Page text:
Book by Matthew Reed
Review by Neete Saha
Higher Education Administration
Kent State University
Confessions of a Community College Administrator is worth reading for either a current or future college administrator—not for an academic advisor. However, advisors interested in becoming senior level administrators and who want to learn how community colleges operate will benefit from this book. Matthew Reed addresses community college’s contributions to American society, the past and the future of community college, overall operations, and where it stands today. By working as a dean and a faculty member for many years at a for-profit institution and a community college, Reed was not only able to speak to the challenges of being an upper-level administrator, but also was able to provide practical solutions to effectively address some of those challenges. He advocates for the need to reform the community college system. Reed warns and reaches out to future community college administrators to be aware of the realities and challenges and offers sensible suggestions for a positive change. He points out the various difficulties administrators run into in community colleges, such as, “complicated organizations with conflicting missions, considerable internal politics, and chronic funding constraints” as well as dealing with faculty members (p. 14). However, it is unclear in what ways these problems are only specific to Community Colleges since many four-year institutions face similar problems.
Reed’s take on funding and community college administration would be particularly helpful for novice administrators and graduate students interested in academia but not mid-level or upper-level administrators. These chapters provide elementary information on operating and capital budget, various funding sources (i.e. state and local funds, tuition and fees, contracts, grants, financial aid, foundations, reserve and endowments), and responsibilities of different administrators based on hierarchy. Moreover, Reed’s suggestions on how to work with faculty members could be useful for some inexperienced administrators, but for most it may not provide any new perspective. Nevertheless, faculty members are an instrumental part of an institutional culture and learning to work with them will serve administrators well in the long run. Clearly, every case will be different but Reed’s overall suggestions seemed practical to me such as: “assume the best; know when to listen, when to share, and when to keep a secret; know the difference between power and control—and which matters; practice humility; stick to roles and rules; keep a tight hand on the reins—dealing with victim bullies; be straight with exiles; and don’t try to mix oil and water” (pp. 86-94). He also raises some important questions and proposes solutions for topics including turnover, meetings, helicopter parents, academic freedom, credit transfers, curricula, and student retention.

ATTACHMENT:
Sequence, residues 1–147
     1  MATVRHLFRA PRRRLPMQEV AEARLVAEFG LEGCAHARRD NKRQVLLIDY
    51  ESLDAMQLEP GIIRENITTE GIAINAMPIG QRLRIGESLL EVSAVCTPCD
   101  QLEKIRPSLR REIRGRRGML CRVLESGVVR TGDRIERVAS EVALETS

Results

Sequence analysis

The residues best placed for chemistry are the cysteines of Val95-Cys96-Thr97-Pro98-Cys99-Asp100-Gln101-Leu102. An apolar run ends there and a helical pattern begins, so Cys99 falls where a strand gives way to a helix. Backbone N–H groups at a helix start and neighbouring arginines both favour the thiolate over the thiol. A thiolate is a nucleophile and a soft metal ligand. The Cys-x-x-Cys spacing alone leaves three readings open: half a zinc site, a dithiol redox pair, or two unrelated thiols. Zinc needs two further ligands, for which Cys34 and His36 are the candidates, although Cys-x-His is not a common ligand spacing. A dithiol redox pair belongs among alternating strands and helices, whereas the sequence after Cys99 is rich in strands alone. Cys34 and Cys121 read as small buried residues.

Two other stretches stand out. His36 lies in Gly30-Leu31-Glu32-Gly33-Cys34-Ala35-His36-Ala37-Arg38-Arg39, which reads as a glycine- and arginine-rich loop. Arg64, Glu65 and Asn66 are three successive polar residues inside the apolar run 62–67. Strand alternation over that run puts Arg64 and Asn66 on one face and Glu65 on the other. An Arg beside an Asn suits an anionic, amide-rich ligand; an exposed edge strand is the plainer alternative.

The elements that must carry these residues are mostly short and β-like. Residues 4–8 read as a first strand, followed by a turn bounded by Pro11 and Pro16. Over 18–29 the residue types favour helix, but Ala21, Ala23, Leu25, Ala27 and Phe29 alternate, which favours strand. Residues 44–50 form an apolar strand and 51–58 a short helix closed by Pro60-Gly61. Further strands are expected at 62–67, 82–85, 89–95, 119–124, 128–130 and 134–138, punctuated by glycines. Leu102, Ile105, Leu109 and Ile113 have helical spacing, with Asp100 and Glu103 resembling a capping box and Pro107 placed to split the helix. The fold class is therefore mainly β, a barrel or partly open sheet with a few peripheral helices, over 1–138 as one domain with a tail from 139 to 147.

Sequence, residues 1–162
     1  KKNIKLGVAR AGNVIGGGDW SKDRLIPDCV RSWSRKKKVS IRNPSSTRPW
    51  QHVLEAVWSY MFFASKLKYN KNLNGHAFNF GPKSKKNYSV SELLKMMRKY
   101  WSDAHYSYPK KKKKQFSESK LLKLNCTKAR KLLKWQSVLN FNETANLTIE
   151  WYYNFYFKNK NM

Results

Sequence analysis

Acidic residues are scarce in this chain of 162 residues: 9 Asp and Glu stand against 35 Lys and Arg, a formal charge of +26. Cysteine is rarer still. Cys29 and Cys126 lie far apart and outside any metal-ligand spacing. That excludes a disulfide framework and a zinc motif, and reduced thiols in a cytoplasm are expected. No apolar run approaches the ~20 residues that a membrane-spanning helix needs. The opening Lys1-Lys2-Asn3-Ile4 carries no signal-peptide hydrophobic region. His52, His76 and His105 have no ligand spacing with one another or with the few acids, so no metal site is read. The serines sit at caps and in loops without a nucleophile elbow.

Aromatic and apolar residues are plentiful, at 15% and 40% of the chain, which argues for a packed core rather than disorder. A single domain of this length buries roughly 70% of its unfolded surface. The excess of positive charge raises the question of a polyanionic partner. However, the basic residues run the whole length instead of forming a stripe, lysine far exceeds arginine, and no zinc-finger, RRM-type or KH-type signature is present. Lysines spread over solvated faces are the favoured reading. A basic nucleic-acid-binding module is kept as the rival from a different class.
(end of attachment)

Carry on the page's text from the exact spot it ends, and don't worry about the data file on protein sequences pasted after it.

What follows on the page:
Whether it’s due to access, affordability, or vocational programs, community colleges play an important role in the American Higher Education system. For this reason, Reed’s recommendations to restore community colleges are worth considering for legislators and policy makers. He suggests that community colleges can move from credit hour to learning based measures, streamline developmental education with faculty support, recruit more male students to address low enrollment numbers, “charge differential fees, leverage and expand partnerships, locate alternate funding, and resume philanthropy” in addition to exploring effective strategies implemented by for-profit institutions (pp. 135-149). In conclusion, while reading this text may not help advisors to advise college students, it will certainly inform them about the intricacies of being college administrators.
Confessions of a Community College Administrator. (2013). Book by Matthew Reed. Review by Neete Saha. San Francisco, CA: Jossey-Bass. 176 pp., $36.00, (paperback), ISBN # 978-1-1180-0473-9